Graphic: RFDS patient Alex Lawrie
As a helicopter pilot flying tourists around the Red Centre, Alex Lawrie was living the dream.
He felt nothing but exhilaration every time he flew above the rich landscapes of Central Australia, sharing the spectacular views with groups of wide-eyed travellers.
The then 32-year-old was just months into his dream job, when an afternoon scenic flight went horribly wrong. Seconds after taking off, an emergency warning went off, alerting Alex the chopper was losing power and there was a problem with the engine.
“That day, we knew we had a big group of 300 passengers coming in for a flight, so everyone was excited and looking forward to that. It was a perfect day for flying and we had all the engines ready to go,” he said.
“I took off on my second last flight for the day and within 30 seconds the helicopter stopped producing enough power to keep us in the air.”
Without enough height to be able to glide back down, the chopper crashed into a sand dune.
All aboard the helicopter thankfully survived the impact. But for Alex, the worst was yet to come.
“After we crashed, I remember I was hanging upside down from my seatbelt. That was the only pain I could feel,” he said.
“I tried to undo my seatbelt, but I couldn’t. So, I tried to stand up to take the pain off my waist but I wasn’t able to do that.”
Local first responders rushed to the scene to stabilise the patients and Alex was loaded onto a helicopter bound for the closest clinic, Yulara Health Centre, to meet the RFDS, who had been alerted and tasked from its Alice Springs Base.
The RFDS crew with a specialist from the Medical Retrieval Consultation Centre (MRaCC) took as much equipment as the aircraft could carry, allowing for every eventuality, due to the violent nature of helicopter crashes and likelihood of spinal injuries.
On arrival, Alex was assessed by the team, who did an ultrasound to check for internal damage, stabilised him and safely immobilised him, before he was safely airlifted to Adelaide for further treatment.
“The RFDS crew was excellent, very professional, very calming – it was just comforting to know that they were there to support me in this terrible time.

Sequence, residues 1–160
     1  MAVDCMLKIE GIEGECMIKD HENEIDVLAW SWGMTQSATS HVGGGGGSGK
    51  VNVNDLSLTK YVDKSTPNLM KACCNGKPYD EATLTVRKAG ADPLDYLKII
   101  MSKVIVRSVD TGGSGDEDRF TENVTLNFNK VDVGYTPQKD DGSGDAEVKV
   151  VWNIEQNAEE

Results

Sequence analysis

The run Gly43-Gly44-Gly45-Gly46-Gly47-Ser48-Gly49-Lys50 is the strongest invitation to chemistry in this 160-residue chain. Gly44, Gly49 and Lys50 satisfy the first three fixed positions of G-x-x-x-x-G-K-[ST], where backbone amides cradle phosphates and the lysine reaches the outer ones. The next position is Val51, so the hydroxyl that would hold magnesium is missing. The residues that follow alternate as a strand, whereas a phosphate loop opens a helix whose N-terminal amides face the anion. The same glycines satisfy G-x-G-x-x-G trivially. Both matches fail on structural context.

“At no point did I feel that I was as bad as what I was.”
Alex was taken to the Royal Adelaide Hospital, where he underwent X-rays and scans before going into surgery for seven hours. Emerging from the operating theatre with titanium rods holding up his spine, Alex was told that his 13th vertebra had been destroyed.
He received the devastating news that he would never walk again.
"There was no sugar coating it or anything – it was, ‘Look Alex, these are your injuries and unfortunately you will never walk again.'"
“That was heartbreaking and knocked the wind right out of me. It’s something no one should hear.
“But I do remember at the time that I was very adamant that I was going to walk again… I just kept saying that I would.”
Alex was diagnosed as a complete paraplegic, meaning he has no feeling or movement from the waist down.
But he didn’t let this halt him on his journey to get back on his feet.
For the past four and a half years, Alex has been working on his rehabilitation with the help of NeuroPhysics, an exercise-based therapy that helps train new neural pathways in the brain to help the legs function.
When Alex first started therapy, he could barely get out of his chair. Today, he can leg-press his own body weight.
“I’ve gone from walking wearing calipers and using a wheelie walker… to now where I’m just walking, no knee braces, no supports, purely just the wheelie walker,” he said.
“To look back on being told I’d spend the rest of my life in a wheelchair, to where I am now, walking by myself and seeing my legs start to regain muscle and strength – it’s incredible.”
In May 2021, three years after the accident, Alex visited crews at the RFDS Alice Springs Base to hand over a $5,000 donation.
“To me, the Royal Flying Doctor Service means the world. Without their fast response, their care, their professionalism, their ability to know what’s happening where I need to be and what was going on, I wouldn’t be where I am today,” he said.
“The Royal Flying Doctor Service played a massive part in my recovery.”
Alex said he also owes it to his family for keeping him motivated, especially on his down days.
His dad, Alex Lawrie Snr describes his son as an inspiration to everyone who knows him and said the RFDS provided the comfort to his family when they needed it most.
“I had every parent’s worst nightmare in receiving a phone call that this had happened,” he said.
“But the moment that I spoke to the people that were looking after him in care – the RFDS, the doctors – it had a calming influence on our family and I knew that he couldn’t get better treatment and professionalism.”